Video conferencing is a cheap, easy, and effective way of connecting — so why don't more of us use it? It delivers all the advantages of face-to-face meetings without the cost and lost time of bringing everyone to the same location at the same moment. Rather than relying on the disembodied voice of a phone call or audio presentation, or the all-too-easy-to-misunderstand contents of an email or document, video conferencing creates a unique, live connection that allows participants to communicate with spoken words; facial expressions and gestures; and graphics, images, videos, audio and written material, all in real time. That sounds like a winning combination, doesn't it?
However, despite these clear benefits, many of us still haven't embraced video conferencing. People often cite one of three concerns as reasons for opting out of this tool: I prefer in-person interactions, I don't have the right equipment or knowledge, or I hate how I look on camera. Do any of these sound like you? If so, read on, because given the benefits video conferencing can offer, it's time to reality check these beliefs.
Let's take them in reverse order:
You look marvelous! More than 50% of communication is nonverbal. Being able to see your face and gestures brings a human touch to any interaction, making it far more personal than a phone call, email, or text. More importantly, it allows you to give and receive nonverbal reactions that improve understanding on both sides. Treat video calls as you would a face-to-face meeting, and there's nothing to fear.
Do you have a desktop or laptop computer with a camera, speakers, and microphone? Congratulations, you have the right equipment! While Fortune 500 businesses may invest heavily in high-end, state-of-the-art video conferencing arrangements, you can probably get by with the basics. All you need to add is a solid, user-friendly video conferencing platform. Your institution may already have a preferred package, or you can find inexpensive and even free options online. Get recommendations from IT staff and colleagues or do an online search of a phrase such as "compare video conferencing software" to find the right platform for your needs.
Once you choose your platform, you don't need a lot of knowledge to make it work. You do, however, need to become familiar with its basic features so you can smoothly switch between speakers, mute and unmute yourself and participants, and use screen-sharing effectively. Being well prepared is a big part of video conferencing etiquette and allows the technology to enhance your meeting, rather than being a distraction. Test the software thoroughly on the same equipment and under the same types of conditions you'll have during the meeting, and make sure anyone assisting you in the meeting is at least as familiar with the platform as you are.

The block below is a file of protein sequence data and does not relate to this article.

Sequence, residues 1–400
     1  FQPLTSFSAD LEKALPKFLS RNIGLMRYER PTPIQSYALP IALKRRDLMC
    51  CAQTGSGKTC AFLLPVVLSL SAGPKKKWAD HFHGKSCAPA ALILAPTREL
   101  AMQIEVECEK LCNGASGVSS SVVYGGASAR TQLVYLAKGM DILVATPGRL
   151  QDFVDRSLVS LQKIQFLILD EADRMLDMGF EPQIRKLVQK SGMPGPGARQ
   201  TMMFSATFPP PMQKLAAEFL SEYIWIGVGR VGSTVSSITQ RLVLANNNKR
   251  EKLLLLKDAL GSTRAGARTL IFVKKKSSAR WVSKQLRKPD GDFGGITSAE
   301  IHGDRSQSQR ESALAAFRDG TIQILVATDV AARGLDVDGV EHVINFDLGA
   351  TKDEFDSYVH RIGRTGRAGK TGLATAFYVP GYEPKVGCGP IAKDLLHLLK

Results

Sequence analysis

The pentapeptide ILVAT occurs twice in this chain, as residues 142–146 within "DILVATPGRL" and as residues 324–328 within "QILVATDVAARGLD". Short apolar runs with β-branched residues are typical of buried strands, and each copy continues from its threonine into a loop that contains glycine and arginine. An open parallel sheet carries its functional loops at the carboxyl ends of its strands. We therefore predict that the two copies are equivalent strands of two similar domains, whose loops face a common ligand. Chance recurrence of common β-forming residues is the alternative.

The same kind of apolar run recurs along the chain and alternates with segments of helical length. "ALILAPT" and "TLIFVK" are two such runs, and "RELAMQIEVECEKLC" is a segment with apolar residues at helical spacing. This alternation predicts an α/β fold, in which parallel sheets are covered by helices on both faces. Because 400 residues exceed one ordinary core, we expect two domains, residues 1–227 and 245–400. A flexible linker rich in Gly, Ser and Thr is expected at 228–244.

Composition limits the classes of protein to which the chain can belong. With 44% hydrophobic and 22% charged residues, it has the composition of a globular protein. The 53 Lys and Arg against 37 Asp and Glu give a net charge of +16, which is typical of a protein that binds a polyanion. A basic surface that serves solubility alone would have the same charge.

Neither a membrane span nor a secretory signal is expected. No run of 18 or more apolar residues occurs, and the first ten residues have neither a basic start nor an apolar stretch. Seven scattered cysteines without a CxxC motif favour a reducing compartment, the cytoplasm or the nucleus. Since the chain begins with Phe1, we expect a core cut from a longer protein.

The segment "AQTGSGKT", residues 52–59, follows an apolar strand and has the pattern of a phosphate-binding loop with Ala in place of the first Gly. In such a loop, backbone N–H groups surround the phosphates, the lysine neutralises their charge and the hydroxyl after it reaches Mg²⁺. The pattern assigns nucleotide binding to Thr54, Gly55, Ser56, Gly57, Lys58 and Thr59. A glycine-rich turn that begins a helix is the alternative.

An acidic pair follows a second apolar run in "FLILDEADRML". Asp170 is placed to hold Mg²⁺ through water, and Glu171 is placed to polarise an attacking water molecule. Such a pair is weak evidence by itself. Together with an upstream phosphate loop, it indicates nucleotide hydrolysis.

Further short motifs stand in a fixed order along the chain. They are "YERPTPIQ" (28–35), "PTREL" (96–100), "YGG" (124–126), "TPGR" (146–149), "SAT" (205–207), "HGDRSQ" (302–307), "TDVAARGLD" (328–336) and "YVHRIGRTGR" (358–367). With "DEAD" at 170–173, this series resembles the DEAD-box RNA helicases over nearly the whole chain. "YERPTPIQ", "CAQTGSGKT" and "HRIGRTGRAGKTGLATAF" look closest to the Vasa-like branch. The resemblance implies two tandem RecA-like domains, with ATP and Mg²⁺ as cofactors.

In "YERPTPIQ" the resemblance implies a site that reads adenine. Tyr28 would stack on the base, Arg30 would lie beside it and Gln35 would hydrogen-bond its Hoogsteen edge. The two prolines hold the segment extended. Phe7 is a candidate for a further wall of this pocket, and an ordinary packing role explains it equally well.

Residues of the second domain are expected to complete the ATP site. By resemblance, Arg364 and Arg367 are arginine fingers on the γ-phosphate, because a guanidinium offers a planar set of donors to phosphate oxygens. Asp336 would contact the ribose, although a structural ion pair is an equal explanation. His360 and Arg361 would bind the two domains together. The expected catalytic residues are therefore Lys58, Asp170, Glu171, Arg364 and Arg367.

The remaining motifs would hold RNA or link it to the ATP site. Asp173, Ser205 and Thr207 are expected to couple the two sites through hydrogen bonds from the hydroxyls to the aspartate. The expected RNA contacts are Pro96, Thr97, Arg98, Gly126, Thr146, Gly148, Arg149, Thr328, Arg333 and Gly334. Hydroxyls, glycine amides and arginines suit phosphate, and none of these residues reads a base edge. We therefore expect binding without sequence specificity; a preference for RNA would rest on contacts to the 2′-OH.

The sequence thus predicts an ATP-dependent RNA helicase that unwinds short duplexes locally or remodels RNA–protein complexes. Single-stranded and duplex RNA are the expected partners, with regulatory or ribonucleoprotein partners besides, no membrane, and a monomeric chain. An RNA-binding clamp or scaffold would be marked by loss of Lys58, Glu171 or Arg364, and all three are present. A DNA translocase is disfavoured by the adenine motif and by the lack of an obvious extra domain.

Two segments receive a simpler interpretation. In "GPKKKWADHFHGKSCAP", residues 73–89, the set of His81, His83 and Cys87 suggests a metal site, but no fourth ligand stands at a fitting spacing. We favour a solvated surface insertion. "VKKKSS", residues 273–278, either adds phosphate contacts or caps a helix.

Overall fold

Tony Erwin, Blue Icon Advisor's principal consultant, agrees that you can't beat the ability of in-person meetings to establish genuine, human connections.
"There are times when video isn't fully effective. There are observations to be had when you're in the space with people that you don't get by video in some cases," Erwin said.
However, in his work helping financial aid professionals on campuses across the United States, Erwin often achieves the best of both worlds by holding an in-person meeting on campus early on and then maintaining regular contact via face-to-face video meetings when repeated visits would be impractical.
Given the expense of in-person meetings in terms of both time and cost, video conferencing still holds its own as "the next best thing to being there," Erwin said. With the versatile screen-sharing and whiteboard features now available on even some of the most basic platforms, you can easily offer people in far-flung areas, (such as on satellite campuses, different offices across campus, high schools, and more,) a clear, visual understanding of concepts and processes that would be difficult to express in any other way, while still exchanging important visual cues and making interpersonal connections.
Video conferencing makes live communication more effective and efficient at a distance. If you've ever watched how-to videos on YouTube, you're already well aware that if a picture is worth 1,000 words, a video is sometimes worth 10,000. Add to that the benefit of real-time interaction and cost effectiveness, and you have a communication tool you can't afford to ignore.
Publication Date: 1/23/2020